Anxiety Early in Subsequent Pregnancies

QUESTION

Dear Experts,
I have suffered 4 losses in the past year and a half. I am now just over 5 weeks pregnant and I am a basket case. Every time I am waiting for my beta results, I cry like a baby until I get them. My last results only doubled in 73 hours, so now I am in a complete state of panic! How do I deal with it?

Thank you.

ANSWER

We are so sorry that you've had to endure so much grief over the past year and a half. Your anxiety is perfectly understandable. Because of your past experiences, it's only natural that you would feel vulnerable to more loss, and brace yourself for the worst. If all of your pregnancies have ended in the first couple of months, you may not be able to relax until you are well into your second trimester. You are a grieving mother.

First, make sure that you are under the care or consultation of a high-risk pregnancy specialist. There are treatments that a general obstetrician may not be familiar with, and it is reasonable for you to seek second and third opinions.

Secondly, it may help you to set aside some time for yourself to grieve for your babies who died. By identifying your feelings and finding ways to express them, you can work through and let go and find a perspective that will help you cope with what has happened and what will be. You might try journaling, writing poetry, making a quilt, planting a flower garden, going on a trip, or doing any other creative or nurturing activity that helps you affirm these short lives or claim your motherhood to these babies. And by working through your feelings of grief (which may include sadness, despair, guilt, failure, hopelessness, anxiety, etc.) you will be able to feel some sense of moving forward toward healing, even as you attempt to conceive another baby.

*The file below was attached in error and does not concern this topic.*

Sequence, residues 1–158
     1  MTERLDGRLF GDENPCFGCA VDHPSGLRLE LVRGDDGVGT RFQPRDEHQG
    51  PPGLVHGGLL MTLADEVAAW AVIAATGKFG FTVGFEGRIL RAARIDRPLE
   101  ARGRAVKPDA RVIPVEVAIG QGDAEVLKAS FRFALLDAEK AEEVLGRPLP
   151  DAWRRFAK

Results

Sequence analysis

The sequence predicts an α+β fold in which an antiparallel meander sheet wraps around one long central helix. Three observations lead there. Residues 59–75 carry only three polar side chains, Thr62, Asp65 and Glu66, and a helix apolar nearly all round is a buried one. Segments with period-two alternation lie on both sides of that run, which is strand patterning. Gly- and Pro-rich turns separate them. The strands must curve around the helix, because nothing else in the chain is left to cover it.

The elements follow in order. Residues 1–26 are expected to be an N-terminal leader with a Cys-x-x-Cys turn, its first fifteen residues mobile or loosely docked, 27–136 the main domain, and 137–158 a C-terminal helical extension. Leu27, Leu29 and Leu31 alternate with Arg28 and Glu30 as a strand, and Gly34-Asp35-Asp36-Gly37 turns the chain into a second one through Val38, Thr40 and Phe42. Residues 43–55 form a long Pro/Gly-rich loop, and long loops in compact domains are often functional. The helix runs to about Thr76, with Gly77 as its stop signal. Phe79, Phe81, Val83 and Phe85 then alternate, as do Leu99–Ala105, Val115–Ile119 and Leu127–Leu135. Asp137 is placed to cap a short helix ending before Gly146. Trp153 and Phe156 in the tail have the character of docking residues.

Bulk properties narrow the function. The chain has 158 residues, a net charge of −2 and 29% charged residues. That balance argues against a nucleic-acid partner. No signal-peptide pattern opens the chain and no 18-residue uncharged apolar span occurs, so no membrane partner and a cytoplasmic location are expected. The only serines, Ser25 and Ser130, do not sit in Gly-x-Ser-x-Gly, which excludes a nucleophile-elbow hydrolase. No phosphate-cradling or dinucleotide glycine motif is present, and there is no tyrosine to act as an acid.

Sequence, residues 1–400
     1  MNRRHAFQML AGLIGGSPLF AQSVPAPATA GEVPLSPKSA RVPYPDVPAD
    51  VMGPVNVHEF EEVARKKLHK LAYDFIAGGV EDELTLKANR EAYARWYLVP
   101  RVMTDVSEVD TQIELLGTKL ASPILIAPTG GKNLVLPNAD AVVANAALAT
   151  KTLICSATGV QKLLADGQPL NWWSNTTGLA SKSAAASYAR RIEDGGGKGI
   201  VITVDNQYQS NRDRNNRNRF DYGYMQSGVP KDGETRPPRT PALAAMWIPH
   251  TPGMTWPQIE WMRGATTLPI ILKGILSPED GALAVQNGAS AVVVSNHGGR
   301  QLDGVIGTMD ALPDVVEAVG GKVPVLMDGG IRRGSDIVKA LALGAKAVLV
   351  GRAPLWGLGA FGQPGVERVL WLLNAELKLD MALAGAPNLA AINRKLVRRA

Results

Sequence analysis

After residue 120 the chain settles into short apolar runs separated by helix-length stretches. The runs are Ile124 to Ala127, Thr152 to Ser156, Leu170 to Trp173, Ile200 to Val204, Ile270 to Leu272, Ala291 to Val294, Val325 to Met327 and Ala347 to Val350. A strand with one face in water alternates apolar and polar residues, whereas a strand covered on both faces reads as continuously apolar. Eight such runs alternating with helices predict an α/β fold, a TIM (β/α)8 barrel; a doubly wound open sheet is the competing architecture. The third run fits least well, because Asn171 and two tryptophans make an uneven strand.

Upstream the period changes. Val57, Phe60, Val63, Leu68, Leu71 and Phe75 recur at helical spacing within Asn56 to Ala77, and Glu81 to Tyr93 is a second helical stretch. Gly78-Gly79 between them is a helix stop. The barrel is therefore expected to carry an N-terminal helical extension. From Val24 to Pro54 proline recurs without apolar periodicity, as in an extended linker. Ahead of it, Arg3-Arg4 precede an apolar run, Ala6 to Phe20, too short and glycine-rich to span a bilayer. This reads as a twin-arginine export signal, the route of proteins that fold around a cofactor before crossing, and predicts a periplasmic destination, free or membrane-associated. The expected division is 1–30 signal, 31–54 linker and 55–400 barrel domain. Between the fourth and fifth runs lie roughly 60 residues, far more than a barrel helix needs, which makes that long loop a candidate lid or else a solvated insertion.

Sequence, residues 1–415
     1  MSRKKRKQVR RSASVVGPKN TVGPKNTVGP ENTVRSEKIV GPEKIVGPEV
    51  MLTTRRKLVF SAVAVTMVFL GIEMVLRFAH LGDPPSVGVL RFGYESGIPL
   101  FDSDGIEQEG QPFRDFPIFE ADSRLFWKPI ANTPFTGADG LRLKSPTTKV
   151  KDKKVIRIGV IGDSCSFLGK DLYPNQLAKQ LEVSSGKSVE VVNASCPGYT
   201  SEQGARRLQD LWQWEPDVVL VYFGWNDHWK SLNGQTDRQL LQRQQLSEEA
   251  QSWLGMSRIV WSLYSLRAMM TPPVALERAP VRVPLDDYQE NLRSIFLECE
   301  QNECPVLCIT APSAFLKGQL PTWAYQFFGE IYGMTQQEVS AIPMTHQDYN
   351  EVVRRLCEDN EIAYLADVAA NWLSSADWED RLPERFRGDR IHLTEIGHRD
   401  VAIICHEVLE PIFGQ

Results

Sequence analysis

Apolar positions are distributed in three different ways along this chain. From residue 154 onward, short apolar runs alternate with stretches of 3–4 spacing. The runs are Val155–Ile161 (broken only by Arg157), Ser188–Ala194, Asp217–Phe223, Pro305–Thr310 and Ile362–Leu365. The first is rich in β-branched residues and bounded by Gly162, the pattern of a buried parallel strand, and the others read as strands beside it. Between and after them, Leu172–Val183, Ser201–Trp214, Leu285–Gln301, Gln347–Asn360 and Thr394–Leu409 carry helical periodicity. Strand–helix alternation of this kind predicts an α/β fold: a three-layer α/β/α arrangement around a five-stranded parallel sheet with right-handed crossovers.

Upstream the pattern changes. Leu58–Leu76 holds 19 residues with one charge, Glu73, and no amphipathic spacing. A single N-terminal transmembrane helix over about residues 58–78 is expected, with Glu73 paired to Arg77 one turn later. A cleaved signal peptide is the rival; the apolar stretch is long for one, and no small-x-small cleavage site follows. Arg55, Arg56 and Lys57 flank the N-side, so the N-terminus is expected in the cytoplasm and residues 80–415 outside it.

Finally, although your panic is a natural result of your repeated losses, you might seek counseling or therapy in order to cope with your anxiety, which is more than just normal "jitters" or concern. A skilled counselor who understands the depth of your loss and anxiety can help you grieve for the babies who died, and help you bear the anxiety and turmoil of current or pregnancy.

We wish you the best,
-- Debbie and Mara
The Childbirth Complication Expert Team

Davis and Stein

Deborah L. Davis, Ph.D. and Mara Tesler Stein, Psy.D. are the authors of Parenting Your Premature Baby and Child: The Emotional Journey, a 2004 National Parenting Publications Awards "Gold Award" winner. They also collaborated on Parent: You and Your Baby in the NICU (2002), as part of the nationwide March of Dimes NICU Project. They.ve been invited to regularly contribute to Advances in Neonatal Care, a neonatal nursing journal; their first article appears in Spring 2005. They are the founding members of Partners in Perinatal and Pediatric Consulting, which promotes developmentally supportive care for babies and parents, as well as collaboration between families and health care professionals.

Dr. Stein is a clinical psychologist in private practice, specializing in the emotional aspects of coping with crisis and adjustment around pregnancy and parenting. She is regularly invited to lecture and give workshops on these issues throughout the country to conferences of physician and nursing groups, doulas, and lactation consultants. Since 1997, she has been consulting with organizations and providing training to health care providers, guiding their efforts to improve the level of psychological support and developmentally supportive care to families during and subsequent to perinatal crisis.

Dr. Davis is a developmental psychologist, researcher, and writer who specializes in perinatal and neonatal crisis, medical ethics, parental bereavement, parent education, and child development. Dr. Davis is the author of four books for bereaved parents, Empty Cradle, Broken Heart (Fulcrum, 1991; 1996), Loving and Letting Go (Centering, 1993; 2002), Fly Away Home (Centering, 2000) and Stillbirth, Yet Still Born (PILC, 2000). She is also on the Board of the Pregnancy Loss and Infant Death Alliance (PLIDA.org) and is regularly invited to write articles for professional periodicals and parent support materials.